Moore’s Second Law sucks. Everyone knows Moore’s Law. The idea, first propounded in an Electronics Magazine article 50 years ago by Intel Corporation (NASDAQ:INTC) co-founder Gordon Moore, is that semiconductors can get twice as dense, and twice as fast, every 18 months, doubling their price-performance.
Moore’s Law drives the technology economy, but few acknowledge what I call Moore’s Second Law, which is that the cost of the gear needed to make chips will also multiply as circuit densities increase.
Moore’s Second Law has driven the vast majority of chip companies out of the manufacturing end of the business. It needs to drive Intel out, too.
The way to do that would be to split the company into two parts. One would be dedicated to designing and selling semiconductors, which is mainly a function of software and dealing with customers who design products. The other would be dedicated to making them, which is a function of capital and dealing with customers that need chips. It’s the one logical step Intel management has fiercely resisted … that it has flatly rejected.
Shareholders have suffered enough.
Consider ARM Holdings
ARM Holdings plc (ADR) (NASDAQ:ARMH) competes directly with Intel in microprocessors, but doesn’t really compete with it at all.
The British company was acquired by Softbank Group Corp (OTCMKTS:SFTBF) in September for $32 billion, but for many years before that it had been running rings around its larger rival, delivering shareholders a 10-year gain of over 950% while Intel’s performance ware barely half that of the NASDAQ Composite.
The secret of ARM’s success was that it only sold chip designs. Other companies, like Apple Inc. (NASDAQ:AAPL), bought the designs, tweaked them to their specifications, then had companies like Samsung (OTCMKTS:SSNLF) manufacture them. The customers got a custom design for a competitive price.
INTC stock had similar problems in the mobile space, where Broadcom Ltd (NASDAQ:AVGO) ran rings around it for years. Intel tried to sell chips and showed Chinese OEMs software that would work with the chips. Broadcom sold designs the OEMs could quickly get to market and sell. Since Broadcom, like ARM Holdings, wasn’t responsible for the economics of manufacture, it wasn’t selling a one-size-fits-all solution.
As PCs have become less important, INTC has suffered from its lack of flexibility. Profit margins have plummeted and debt levels have increased.
INTC stock has become a yield stock, one bought for its dividend, currently yielding 3.1%, but for the quarter ending in July, that dividend ate an alarming part of Intel’s earnings. A crisis is at hand.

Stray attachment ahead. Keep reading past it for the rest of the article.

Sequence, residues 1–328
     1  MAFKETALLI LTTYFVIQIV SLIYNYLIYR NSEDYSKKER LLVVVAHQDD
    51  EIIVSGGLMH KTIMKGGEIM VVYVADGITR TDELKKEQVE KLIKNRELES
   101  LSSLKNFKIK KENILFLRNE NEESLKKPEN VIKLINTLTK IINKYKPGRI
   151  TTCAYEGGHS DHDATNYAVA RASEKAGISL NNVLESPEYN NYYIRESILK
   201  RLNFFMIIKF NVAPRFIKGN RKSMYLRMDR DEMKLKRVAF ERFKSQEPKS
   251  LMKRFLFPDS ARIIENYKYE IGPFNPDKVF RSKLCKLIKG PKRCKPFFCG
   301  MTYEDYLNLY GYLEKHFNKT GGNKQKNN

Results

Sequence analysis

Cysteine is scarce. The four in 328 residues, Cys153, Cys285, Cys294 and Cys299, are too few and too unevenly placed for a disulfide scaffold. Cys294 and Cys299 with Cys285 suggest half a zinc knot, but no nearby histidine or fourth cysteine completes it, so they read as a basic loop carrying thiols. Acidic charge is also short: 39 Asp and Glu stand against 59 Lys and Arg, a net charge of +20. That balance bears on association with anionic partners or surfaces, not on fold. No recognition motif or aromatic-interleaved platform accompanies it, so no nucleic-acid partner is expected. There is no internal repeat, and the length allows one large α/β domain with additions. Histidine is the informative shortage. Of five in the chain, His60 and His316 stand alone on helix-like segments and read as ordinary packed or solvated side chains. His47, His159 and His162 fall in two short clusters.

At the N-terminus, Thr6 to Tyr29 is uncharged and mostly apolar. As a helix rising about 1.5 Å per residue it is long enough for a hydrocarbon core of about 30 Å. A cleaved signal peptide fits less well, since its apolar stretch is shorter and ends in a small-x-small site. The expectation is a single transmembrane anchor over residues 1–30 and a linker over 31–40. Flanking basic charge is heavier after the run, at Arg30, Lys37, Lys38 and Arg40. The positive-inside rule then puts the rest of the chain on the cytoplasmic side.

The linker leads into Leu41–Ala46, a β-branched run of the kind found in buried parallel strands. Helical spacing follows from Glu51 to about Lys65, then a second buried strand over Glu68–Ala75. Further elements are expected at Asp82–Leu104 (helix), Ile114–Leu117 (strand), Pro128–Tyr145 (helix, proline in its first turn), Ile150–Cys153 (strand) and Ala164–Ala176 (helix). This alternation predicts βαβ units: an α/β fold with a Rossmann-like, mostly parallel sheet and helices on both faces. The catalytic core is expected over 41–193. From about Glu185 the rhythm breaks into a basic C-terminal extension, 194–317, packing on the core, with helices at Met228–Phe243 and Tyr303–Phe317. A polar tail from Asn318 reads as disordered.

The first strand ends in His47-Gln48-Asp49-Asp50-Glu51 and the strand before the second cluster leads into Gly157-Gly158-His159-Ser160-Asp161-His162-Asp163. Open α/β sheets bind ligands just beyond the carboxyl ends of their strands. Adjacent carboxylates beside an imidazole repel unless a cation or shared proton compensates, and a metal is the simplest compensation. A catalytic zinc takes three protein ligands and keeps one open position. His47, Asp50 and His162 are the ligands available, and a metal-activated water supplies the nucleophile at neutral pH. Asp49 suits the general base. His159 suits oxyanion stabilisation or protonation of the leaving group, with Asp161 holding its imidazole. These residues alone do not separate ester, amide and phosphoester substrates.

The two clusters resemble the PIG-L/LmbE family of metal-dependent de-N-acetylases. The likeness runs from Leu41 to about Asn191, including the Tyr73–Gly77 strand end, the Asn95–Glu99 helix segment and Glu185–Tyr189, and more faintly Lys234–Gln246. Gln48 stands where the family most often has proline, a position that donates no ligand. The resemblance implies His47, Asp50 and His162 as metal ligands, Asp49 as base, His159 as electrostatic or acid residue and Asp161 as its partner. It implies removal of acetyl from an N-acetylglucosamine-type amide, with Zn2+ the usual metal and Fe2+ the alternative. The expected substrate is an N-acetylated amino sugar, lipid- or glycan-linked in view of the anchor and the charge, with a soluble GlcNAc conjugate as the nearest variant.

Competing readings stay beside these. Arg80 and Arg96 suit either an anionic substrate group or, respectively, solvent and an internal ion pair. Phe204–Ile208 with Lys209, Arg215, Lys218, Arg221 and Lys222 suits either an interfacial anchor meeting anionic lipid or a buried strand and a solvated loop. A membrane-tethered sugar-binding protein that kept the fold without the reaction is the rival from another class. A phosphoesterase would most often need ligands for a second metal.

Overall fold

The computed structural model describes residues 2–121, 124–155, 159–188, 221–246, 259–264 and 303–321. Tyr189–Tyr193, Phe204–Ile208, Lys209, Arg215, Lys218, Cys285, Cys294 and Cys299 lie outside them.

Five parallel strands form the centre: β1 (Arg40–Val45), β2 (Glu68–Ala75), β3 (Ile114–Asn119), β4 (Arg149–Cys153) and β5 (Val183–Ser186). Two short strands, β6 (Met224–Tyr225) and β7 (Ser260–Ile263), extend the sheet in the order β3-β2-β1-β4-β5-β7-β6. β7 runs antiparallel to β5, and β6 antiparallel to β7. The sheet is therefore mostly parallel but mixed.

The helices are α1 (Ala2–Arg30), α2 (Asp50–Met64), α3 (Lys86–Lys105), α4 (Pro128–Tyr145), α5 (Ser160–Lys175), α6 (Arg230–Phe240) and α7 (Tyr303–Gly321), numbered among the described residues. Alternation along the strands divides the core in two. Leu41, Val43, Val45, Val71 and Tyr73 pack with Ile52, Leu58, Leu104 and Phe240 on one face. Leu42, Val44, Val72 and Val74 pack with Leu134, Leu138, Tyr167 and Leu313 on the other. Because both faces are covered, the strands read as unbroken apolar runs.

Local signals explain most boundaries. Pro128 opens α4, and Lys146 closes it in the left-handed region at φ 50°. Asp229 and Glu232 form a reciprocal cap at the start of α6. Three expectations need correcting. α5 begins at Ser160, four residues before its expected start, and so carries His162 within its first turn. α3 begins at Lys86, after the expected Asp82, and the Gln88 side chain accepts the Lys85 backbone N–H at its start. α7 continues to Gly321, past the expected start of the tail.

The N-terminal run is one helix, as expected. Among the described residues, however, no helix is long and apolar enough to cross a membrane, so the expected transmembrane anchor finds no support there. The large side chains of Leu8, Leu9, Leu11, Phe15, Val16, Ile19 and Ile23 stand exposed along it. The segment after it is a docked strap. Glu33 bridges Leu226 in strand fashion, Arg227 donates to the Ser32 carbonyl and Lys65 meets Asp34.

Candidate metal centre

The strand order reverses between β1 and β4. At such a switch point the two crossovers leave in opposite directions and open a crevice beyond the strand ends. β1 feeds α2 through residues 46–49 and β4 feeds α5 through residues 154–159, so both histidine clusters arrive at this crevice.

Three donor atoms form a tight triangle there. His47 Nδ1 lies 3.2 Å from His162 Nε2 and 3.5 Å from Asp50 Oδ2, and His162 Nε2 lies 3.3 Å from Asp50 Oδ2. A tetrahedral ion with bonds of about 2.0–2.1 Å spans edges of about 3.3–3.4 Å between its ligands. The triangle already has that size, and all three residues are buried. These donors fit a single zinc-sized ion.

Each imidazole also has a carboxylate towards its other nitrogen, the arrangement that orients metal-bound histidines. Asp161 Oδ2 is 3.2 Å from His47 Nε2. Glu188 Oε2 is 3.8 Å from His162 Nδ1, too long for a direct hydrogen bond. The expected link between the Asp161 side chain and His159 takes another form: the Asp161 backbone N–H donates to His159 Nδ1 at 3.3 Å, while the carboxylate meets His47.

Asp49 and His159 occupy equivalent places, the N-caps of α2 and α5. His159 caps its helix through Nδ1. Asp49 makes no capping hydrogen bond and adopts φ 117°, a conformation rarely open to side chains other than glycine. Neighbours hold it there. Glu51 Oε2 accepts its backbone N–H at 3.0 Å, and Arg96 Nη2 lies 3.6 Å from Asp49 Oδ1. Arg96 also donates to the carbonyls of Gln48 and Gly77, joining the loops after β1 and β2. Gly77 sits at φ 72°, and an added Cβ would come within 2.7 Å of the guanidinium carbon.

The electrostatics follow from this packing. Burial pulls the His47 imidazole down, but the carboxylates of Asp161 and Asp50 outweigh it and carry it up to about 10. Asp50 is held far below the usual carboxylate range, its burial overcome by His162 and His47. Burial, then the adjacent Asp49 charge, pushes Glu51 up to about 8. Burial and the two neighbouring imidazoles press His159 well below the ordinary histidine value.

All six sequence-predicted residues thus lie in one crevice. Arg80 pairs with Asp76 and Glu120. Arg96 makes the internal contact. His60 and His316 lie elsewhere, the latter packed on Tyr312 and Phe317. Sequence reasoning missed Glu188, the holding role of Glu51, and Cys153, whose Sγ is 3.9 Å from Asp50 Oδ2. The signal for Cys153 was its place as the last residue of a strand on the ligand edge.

New Markets Require New Thinking From INTC Stock
CEO Brian Krzanich, who took command of the company in 2013, is an Intel lifer and steeped in the corporate culture. He even holds a patent for semiconductor processing.
He announced a new strategy in April that was heavy on buzzwords like cloud, Internet of Things and 5G, but light on details.
Intel stock continues to lead in processing chips used in cloud data centers, but it’s facing new competition from graphics chips, an unexpected direction. Graphic chip industry leader NVIDIA Corporation (NASDAQ:NVDA), which like ARM does not own a fabrication plant, is up 144% just in the last year.
Intel is not the industry leader in communications, either. That honor belongs to Qualcomm, Inc. (NASDAQ:QCOM), whose Internet of Things strategy has been to buy NXP Semiconductors NV (NASDAQ:NXPI) for $47 billion, about half its own valuation. It’s the kind of big bet Intel would never engage in.
The Bottom Line for Intel Stock
Intel’s past is that of a semi-monopolist that controlled its market. Its future is that of a competitor whose designs must win against huge, nimble competitors.
The interests of design are software interests. The interests of fabrication are hardware interests. These interests were once in concert for Intel, back when Microsoft Corporation (NASDAQ:MSFT) dominated the device space. Those interests are now in conflict.
Intel stock’s performance is lagging its competitors because fabrication requires enormous amounts of capital and its design business is focused on feeding that capital beast. But fabrication can survive on its own, because there is far less competition than before. The software side of Intel needs to be free.
Intel needs to be split in two.
Dana Blankenhorn is a financial journalist and author of the science fiction story Into the Cloud. Write him at firstname.lastname@example.org or follow him on Twitter at @danablankenhorn. As of this writing he owned shares in INTC, AAPL and MSFT.
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